I should mention, lest I'm misunderstood, that his birth wasn't amazing because it was easy or ideal or because I didn't feel any pain. I passed out and threw up in labor. I had a third-degree tear that took an hour of stitching to repair. But that didn't change my perception of the labor and birth process. What was different this time? To paraphrase Ina May Gaskin, I had been the agent in the process this time. Birth wasn't something that happened to me; I was a birth-giver.
I should also clarify that I don't believe that unmedicated vaginal birth is the only way to be a birth-giver, nor does having an unmedicated vaginal birth necessarily make a woman a birth-giver. A woman with a cesarean can be a birth-giver. A woman with an epidural can be a birth-giver. A woman with unforeseen complications, even medical emergencies, can be a birth-giver. Birth-givers have an active role in the work they're doing. They ask questions to gain understanding and make decisions. They are in awe of the beauty of birth.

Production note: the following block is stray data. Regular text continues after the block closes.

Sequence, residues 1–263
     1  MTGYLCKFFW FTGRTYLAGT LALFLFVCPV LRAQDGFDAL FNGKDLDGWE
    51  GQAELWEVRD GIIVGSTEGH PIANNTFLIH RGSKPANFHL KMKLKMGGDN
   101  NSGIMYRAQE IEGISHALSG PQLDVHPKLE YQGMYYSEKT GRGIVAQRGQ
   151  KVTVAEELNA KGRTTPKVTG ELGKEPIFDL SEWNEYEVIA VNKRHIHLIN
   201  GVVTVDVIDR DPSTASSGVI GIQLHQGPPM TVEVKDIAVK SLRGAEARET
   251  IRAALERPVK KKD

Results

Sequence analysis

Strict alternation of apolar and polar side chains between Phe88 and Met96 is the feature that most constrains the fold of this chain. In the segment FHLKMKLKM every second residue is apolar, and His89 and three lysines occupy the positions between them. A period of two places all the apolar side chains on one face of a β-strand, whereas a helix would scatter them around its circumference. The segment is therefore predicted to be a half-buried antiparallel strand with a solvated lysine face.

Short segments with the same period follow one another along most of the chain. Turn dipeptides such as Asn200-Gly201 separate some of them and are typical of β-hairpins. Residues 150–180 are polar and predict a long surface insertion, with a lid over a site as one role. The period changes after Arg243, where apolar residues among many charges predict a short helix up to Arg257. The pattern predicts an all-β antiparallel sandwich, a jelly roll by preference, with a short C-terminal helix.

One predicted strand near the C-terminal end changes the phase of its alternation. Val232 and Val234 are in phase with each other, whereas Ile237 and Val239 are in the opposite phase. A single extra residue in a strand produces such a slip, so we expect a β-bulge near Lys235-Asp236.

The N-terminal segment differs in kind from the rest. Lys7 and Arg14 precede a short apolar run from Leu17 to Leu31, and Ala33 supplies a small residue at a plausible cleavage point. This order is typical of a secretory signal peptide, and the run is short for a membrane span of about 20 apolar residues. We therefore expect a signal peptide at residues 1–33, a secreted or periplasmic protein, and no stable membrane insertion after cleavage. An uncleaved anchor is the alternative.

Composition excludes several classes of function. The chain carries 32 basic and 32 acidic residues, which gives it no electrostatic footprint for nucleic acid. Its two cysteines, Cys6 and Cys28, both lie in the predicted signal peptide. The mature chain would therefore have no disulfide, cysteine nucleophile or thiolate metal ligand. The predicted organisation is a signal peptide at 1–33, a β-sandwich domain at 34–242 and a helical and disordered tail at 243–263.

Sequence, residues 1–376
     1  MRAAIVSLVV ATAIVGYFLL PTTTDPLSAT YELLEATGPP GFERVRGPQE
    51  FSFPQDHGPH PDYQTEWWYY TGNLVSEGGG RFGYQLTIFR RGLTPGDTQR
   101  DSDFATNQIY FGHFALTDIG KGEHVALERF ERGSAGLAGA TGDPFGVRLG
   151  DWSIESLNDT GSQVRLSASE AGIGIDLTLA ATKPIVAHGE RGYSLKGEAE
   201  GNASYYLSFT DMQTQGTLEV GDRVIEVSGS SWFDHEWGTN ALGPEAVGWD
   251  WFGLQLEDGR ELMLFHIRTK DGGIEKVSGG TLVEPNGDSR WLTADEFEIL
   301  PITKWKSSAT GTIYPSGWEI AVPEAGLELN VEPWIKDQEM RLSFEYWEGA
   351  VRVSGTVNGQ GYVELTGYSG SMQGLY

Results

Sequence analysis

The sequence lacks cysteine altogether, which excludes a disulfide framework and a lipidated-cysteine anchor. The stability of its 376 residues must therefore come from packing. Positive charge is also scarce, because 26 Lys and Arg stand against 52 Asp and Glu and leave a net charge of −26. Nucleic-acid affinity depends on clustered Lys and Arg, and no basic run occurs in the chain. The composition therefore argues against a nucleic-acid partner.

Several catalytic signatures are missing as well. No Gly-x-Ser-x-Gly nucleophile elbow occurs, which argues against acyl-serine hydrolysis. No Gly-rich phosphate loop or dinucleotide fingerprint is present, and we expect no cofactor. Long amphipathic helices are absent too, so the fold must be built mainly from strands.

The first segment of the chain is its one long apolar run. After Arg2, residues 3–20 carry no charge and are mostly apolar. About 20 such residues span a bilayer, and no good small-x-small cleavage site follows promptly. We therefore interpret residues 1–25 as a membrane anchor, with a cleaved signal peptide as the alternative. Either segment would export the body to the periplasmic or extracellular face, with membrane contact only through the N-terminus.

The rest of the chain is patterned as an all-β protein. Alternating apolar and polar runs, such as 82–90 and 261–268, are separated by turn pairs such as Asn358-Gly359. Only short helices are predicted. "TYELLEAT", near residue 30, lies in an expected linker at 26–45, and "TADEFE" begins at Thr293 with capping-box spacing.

A little while after my son's birth, Birth Boot Camp sent me an email advertising their doula training program. I archived it without much thought. A little while after that, I had a weird dream that I was with a friend as she was having a baby. When I told her about it, she said, "Were you my doula? You would be a great doula!"
Doula? Doula! I would be a great doula! I fished out that old email and started making plans. I chose a workshop, registered, started reading and watching and learning, and continued to feed my love for birth.
I believe that birth is beautiful. I want to help other women feel that way, too. So I became a doula.